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Report of the Secretary of War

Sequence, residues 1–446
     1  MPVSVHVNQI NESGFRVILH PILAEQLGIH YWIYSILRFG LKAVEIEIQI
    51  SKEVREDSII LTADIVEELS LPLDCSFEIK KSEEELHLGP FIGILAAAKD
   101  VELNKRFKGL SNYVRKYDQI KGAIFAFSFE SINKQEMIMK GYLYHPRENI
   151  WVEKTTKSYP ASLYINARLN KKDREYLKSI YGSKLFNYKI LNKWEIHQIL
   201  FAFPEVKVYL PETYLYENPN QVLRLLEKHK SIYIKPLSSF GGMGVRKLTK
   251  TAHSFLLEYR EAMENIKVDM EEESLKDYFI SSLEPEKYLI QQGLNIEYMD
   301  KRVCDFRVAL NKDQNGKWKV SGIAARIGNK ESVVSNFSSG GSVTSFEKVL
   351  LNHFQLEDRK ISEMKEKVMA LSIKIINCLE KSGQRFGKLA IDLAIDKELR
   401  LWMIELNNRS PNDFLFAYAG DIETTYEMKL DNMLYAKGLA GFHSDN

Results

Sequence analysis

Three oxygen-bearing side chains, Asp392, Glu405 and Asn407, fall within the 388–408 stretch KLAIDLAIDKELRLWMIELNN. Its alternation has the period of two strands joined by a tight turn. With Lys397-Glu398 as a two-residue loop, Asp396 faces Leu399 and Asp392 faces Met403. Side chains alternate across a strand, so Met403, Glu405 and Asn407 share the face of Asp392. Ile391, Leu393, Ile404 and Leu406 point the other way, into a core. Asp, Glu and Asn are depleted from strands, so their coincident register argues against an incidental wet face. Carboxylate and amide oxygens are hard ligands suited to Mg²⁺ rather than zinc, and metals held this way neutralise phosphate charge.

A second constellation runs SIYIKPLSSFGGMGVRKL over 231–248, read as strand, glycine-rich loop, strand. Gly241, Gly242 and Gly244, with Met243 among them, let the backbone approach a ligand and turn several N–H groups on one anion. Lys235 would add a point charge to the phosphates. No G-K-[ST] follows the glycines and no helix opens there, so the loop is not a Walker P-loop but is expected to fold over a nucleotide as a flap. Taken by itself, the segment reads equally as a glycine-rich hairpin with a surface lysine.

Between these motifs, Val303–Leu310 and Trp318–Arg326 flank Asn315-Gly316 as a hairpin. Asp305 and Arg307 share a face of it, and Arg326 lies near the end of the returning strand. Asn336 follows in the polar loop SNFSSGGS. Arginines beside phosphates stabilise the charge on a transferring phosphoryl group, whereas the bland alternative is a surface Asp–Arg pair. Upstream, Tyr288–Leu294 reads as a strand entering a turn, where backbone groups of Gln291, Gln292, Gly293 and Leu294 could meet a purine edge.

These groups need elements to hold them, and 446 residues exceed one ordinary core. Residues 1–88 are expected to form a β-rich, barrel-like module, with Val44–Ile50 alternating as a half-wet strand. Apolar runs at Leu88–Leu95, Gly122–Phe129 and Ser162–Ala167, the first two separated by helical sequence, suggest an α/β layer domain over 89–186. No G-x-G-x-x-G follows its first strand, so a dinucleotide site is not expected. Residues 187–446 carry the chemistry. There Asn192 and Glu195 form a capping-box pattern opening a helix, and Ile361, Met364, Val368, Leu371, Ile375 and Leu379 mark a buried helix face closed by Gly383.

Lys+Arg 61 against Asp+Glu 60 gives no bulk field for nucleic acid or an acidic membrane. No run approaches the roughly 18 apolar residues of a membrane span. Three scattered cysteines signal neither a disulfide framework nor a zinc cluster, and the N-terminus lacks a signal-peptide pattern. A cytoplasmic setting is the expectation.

Excerpt from Report of the Secretary of War: War Department, Confederate States of America, Richmond, November 3, 1864 The army of General Sigel, designated for the invasion of the Valley of Virginia, was defeated at New Market, in May last, and the troops from Western Virginia driven from the valley of the upper Roanoke about the same time. At a later period, these armies were united under General Hunter, and after a successful march up the Valley of Virginia, were encountered by General Early at Lynch burg and driven to the Ohio river. General Early, finding Washing ton City and Baltimore exposed, passed through the Valley, defeating all opposing forces, crossed into Maryland, and penetrated to the suburbs of Washington City and Baltimore. The cavalry raids of Sheridan and Wilson were defeated, and the attempts to permanently obstruct our communications have failed. The campaign, projected by General Grant with such mighty preparation, has been frustrated, and if he depended alone upon the means that were provided and were deemed to be superabundant, his failure would be absolute. But a proclamation has been made for the draft of five hundred thousand men by the President of the United States, to recruit his defeated and disuirited army and we cannot yet claim security or quiet. In the great central State of Georgia, the campaign opened about the same time, but operations have been, so far, less favorable to our arms. Preparation had. Been there made, early to meet, with adequate forces, exceeding the relative disproportion which has usually existed with all our armies, and repel the enemy on the threshhold of the State, but prudence or strategy led the General entrusted with the conduct of the campaign to prefer a retreating and defensive line of action. In consequence, our forces, though not without, on several occasions, severely checking and punishing their adversaries, whenever venturing direct assault, were gradually manoeuvred or pressed back towards Atlanta, the leading objective point of the campaign. When that important central point of union to various converging lines of communication had been nearly reached, and ap. Peared about to be abandoned, a change was made in the commander, and a strenuous effort was made to hold and defend, by force of arms, this place, which had become more important in a political and moral than me military view, from the significance the public of both sides had attached to its possession. It was bravely held for several weeks, and some successes, achieved with skill and valor, for a time seemed to assure to us its retention, when a hazardous movement of the enemy, which, with as much success to our arms as there was prompti tude 1n seizing the occasion by our commander, must have caused his ruin, resulting in victory, compelled our evacuation of the city and its occupancy by the enemy. This was felt as a serious reverse, and caused some depression of feeling throughout the Confederacy, while it was hailed with unbounded acclamation and revived hopes by the enemy. For the time, the loss of prestige and the political effects were unquestionably adverse to us, but results may show that its consequences were, on both sides, strangely misunderstood and ex aggerated. It has liberated our army for offensive Operations, while it has chained down our enemies to the tenure of a far inland position of no real strategical value since the breaking up of its railroad con nections, in the midst of a hostile population, and to be sustained only by supplies drawn hundreds of miles by a single line of road. The opportunities presented by such a situation have been seized and used by our bold and enterprising leader with promptitude and energy. The communications of the enemy have been cut in many places. Our army is in his rear, and he, instead of resting securely behind the strong entrenchments of his recent capture, is forced to come forth to encounter his skillful adversary on grou...
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